Substance UseAre you pregnant and struggling with addictions during pregnancy? Talk to your healthcare provider.www.mushkiki.com
The city won't be going ahead with a youth centre as it planned.
Council had committed in principle to an $8.1 million partnership with the Indian Friendship Centre to turn the former Port Arthur Prosvita into a new home for the IFC and a youth centre. While the city backed that with $2.5 million, the federal and provincial governments weren't willing to match. That's what it boiled down to city clerk John Hannam, who's also responsible for the Aboriginal Liason Office, said.
"We weren't able to secure sufficient funds to do that," he said after the city made the announcement early Tuesday.
The city had a $57,000 hold on the High Street building until the end of the month in order to keep up operating costs while the city tracked down funding. The money will be lost.
"That was a risk that we knew going out there," Hannam said.
Mayor Keith Hobbs said the city had discussions with federal and provincial ministers, put a proposal together and even had dollar figures to show but it wasn't enough.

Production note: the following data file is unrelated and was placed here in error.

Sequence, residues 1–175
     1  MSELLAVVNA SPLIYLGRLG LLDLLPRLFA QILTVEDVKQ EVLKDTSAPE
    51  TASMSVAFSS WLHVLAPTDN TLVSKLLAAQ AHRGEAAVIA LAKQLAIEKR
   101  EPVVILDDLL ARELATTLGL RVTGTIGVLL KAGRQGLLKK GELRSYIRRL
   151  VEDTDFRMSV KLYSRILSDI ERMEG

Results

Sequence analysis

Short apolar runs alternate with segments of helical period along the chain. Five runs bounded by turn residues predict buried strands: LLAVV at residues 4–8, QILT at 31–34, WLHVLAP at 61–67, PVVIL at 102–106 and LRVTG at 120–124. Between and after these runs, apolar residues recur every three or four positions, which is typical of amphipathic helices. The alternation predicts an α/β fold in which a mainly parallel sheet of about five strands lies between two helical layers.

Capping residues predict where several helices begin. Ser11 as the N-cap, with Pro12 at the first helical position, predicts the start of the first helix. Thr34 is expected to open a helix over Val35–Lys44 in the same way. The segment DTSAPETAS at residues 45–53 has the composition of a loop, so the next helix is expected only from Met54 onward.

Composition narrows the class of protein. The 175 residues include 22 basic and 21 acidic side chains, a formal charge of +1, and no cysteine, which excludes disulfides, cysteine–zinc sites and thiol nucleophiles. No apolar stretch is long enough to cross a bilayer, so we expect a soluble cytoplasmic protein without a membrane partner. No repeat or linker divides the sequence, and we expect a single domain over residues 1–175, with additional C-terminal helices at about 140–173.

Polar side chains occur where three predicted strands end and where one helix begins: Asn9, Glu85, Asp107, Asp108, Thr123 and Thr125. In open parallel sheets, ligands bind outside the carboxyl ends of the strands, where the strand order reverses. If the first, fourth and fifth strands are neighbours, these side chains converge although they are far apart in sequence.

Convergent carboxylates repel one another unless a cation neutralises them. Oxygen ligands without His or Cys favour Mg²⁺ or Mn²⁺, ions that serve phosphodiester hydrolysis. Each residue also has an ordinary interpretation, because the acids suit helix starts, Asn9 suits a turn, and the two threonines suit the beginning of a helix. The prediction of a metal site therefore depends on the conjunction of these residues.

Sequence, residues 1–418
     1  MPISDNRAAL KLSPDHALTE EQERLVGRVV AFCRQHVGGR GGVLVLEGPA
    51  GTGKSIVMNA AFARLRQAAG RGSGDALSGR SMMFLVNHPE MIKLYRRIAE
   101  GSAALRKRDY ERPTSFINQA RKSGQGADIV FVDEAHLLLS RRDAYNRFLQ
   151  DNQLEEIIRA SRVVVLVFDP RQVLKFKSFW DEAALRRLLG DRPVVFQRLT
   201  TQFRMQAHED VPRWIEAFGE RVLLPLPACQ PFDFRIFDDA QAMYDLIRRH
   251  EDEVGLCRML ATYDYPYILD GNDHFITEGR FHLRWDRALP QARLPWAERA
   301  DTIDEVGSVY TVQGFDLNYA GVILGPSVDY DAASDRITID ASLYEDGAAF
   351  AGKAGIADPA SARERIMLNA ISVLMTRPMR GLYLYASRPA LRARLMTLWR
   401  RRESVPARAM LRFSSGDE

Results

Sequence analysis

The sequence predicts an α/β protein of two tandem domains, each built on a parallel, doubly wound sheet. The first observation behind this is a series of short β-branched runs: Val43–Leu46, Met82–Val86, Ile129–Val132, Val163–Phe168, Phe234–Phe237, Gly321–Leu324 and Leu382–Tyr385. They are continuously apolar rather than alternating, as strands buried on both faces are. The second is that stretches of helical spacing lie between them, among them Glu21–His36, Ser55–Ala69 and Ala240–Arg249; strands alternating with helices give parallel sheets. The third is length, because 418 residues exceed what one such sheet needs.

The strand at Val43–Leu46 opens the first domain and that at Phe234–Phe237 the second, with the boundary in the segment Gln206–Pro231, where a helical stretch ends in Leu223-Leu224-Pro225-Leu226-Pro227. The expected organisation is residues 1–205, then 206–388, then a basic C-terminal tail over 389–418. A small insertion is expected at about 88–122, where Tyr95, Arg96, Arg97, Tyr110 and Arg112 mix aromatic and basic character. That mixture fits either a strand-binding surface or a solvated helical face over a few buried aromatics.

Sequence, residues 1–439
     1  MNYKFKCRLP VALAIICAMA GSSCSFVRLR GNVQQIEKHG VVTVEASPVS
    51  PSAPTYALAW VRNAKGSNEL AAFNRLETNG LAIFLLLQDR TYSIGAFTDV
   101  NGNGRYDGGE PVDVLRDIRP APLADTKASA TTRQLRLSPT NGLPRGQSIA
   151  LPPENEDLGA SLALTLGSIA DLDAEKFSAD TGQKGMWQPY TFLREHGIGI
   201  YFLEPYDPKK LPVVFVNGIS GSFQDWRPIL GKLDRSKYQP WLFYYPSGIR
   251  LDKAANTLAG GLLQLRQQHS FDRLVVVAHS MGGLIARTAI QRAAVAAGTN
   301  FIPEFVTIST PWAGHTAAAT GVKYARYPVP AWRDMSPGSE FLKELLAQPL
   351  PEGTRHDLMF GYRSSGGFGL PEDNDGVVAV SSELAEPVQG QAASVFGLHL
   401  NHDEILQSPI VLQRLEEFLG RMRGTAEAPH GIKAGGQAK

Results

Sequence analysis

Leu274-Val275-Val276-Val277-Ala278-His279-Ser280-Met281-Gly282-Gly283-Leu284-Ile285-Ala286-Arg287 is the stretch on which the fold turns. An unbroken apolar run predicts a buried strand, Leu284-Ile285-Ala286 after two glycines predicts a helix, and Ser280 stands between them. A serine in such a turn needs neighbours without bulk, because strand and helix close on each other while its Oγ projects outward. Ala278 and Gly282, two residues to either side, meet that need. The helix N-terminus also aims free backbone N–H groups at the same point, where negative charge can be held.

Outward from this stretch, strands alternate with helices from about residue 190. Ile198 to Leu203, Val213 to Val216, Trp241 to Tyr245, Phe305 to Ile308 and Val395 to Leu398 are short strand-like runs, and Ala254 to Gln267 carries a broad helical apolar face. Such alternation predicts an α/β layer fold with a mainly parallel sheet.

"We did our homework on it," he said. "We made an honest effort and the funding's just not there."
The partnership with the IFC is still in place. As for the youth centre, a report will come to council Apr. 7 to start discussing options.
Hobbs said a youth centre is a priority for the city. Whether that means using community centres, breaking ground on a new building or even funding existing organizations like the Boys and Girls Club. He wants to see a plan before this term of council is up.
Click here to submit a letter to the editor.